And the Trumpets Did Sound

And the clarions called forth, and the Bacon’s Rebellion e-zine did respond to the call, bringing truth and understanding to a benighted land.

You can read the May 19, 2008, edition in all its glory, including a list of hottest blog postings over the past two weeks, by clicking here. Or you can just scroll down an inch or two and just read the latest columns. Unless you read this blog every day, make sure to sign up for a free subscription so you never miss an issue of the e-zine.

Cultivating Creativity
The da Vinci Center at Virginia Commonwealth University is elevating product development to an inter-disciplinary art. It may well be the future of American innovation.
by James A. Bacon

Three Little Words
The phrase “no cheap energy” embodies an economic reality that is shaking the foundation of First World Civilization. But citizens and politicians still act as if they can ignore it.
by EM Risse

A Simple Solution
Here is an easy way to resolve Virginia’s political stand-off over transportation funding: Empower local governments to enact the same taxes that the Supreme Court invalidated regionally.
by Michael Thompson

So Much for Transparency
Throwing a bunch of budget numbers onto a website does little to improve local government transparency. The adage “Garbage In, Garbage Out” applies in spades.
by Norman Leahy

The Weird World of Massey Energy
Controversial, Richmond-based coal firm enjoys energy boom times while wielding political clout and beating back critics with an in-your-face style.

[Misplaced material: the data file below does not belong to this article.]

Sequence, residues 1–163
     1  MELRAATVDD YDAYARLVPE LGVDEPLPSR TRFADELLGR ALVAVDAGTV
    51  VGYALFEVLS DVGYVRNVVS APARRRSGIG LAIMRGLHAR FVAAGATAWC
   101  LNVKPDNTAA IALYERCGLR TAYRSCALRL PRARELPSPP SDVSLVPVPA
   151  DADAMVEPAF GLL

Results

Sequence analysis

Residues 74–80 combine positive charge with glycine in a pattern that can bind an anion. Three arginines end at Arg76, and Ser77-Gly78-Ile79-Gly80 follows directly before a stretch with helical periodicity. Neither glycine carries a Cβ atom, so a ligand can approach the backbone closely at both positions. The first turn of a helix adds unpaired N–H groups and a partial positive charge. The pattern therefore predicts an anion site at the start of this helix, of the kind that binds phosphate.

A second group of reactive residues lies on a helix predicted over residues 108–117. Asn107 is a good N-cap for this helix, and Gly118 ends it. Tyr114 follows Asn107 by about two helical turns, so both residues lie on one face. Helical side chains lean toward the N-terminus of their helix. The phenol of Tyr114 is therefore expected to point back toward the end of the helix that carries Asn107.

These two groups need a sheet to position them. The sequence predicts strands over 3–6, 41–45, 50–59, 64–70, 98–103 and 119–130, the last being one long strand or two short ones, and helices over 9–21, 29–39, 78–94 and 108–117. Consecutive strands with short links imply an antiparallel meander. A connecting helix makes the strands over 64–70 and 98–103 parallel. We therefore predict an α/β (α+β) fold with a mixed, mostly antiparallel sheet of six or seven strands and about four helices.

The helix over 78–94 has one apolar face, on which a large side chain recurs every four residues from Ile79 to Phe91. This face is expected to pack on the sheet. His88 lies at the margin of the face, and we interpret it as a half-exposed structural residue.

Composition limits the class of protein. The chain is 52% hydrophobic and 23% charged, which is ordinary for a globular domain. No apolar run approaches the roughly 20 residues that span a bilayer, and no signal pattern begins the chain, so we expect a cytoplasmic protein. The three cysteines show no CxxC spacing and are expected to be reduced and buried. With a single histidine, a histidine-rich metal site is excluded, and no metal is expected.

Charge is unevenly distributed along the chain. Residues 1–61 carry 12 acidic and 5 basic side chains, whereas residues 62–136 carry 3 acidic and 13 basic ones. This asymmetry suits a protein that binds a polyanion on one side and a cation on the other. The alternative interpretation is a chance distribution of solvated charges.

by Peter Galuszka

Nice & Curious Questions
And What Happened Here? Historical Markers of Virginia
by Edwin S. Clay III and Patricia Bangs

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  1. Larry Gross Avatar
    Larry Gross

    re: “A Simple Solution”

    I wondered about that also but why not offer any regional area in Virginia the same “local option” per a referenda?

    More than NoVa and HR/TW have regional needs and who is to say for the other regional areas in Va that increased investments in their transportation networks might not just transform them into economic contributors to the State also?

    Further, I’d also give local voters to “recall” local option taxes with a simple majority vote.

    The problem that we have is – trust in government… and yet I’ve not seen such an offer from our GA guys.

    Let citizens have the final say and let citizens say “no” if they feel their tax dollars are not being spent wisely.

    or for those that think that elected leaders know best – which I disagree with – put sunset clauses in these taxes and make the GA re-certify them every two years.

    We need for citizens to have a way to hold the government accountable.

    Elections don’t accomplish this because industry owns many of the GA and getting rid of one or two here and there…has no effect… it’s like an octopus that loses one or two suckers.

  2. Anonymous Avatar

    Put a rough outline of the budget on the back of the tax forms, and let taxpayers say where they want “their” money allocated.

    Publish the results.

    If the legislators want to spend on something else, let them justify it as compared to the “tax referendum.”


  3. “Elections don’t accomplish this because industry owns many of the GA and getting rid of one or two here and there…has no effect…”

    A bigger problem is that 2/3rds of the assembly runs unopposed.

    “Put a rough outline of the budget on the back of the tax forms, and let taxpayers say where they want “their” money allocated.”

    And this will say:

    Budget allocations as percentage of total revenue
    Schools: 50%
    Roads: 40%
    Cops: 10%
    Parks: 10%
    Parades: 10%
    Bread: 5%
    Circus: 5%
    Total: 130%.

    Plus a 30% tax reduction.

  4. Anonymous Avatar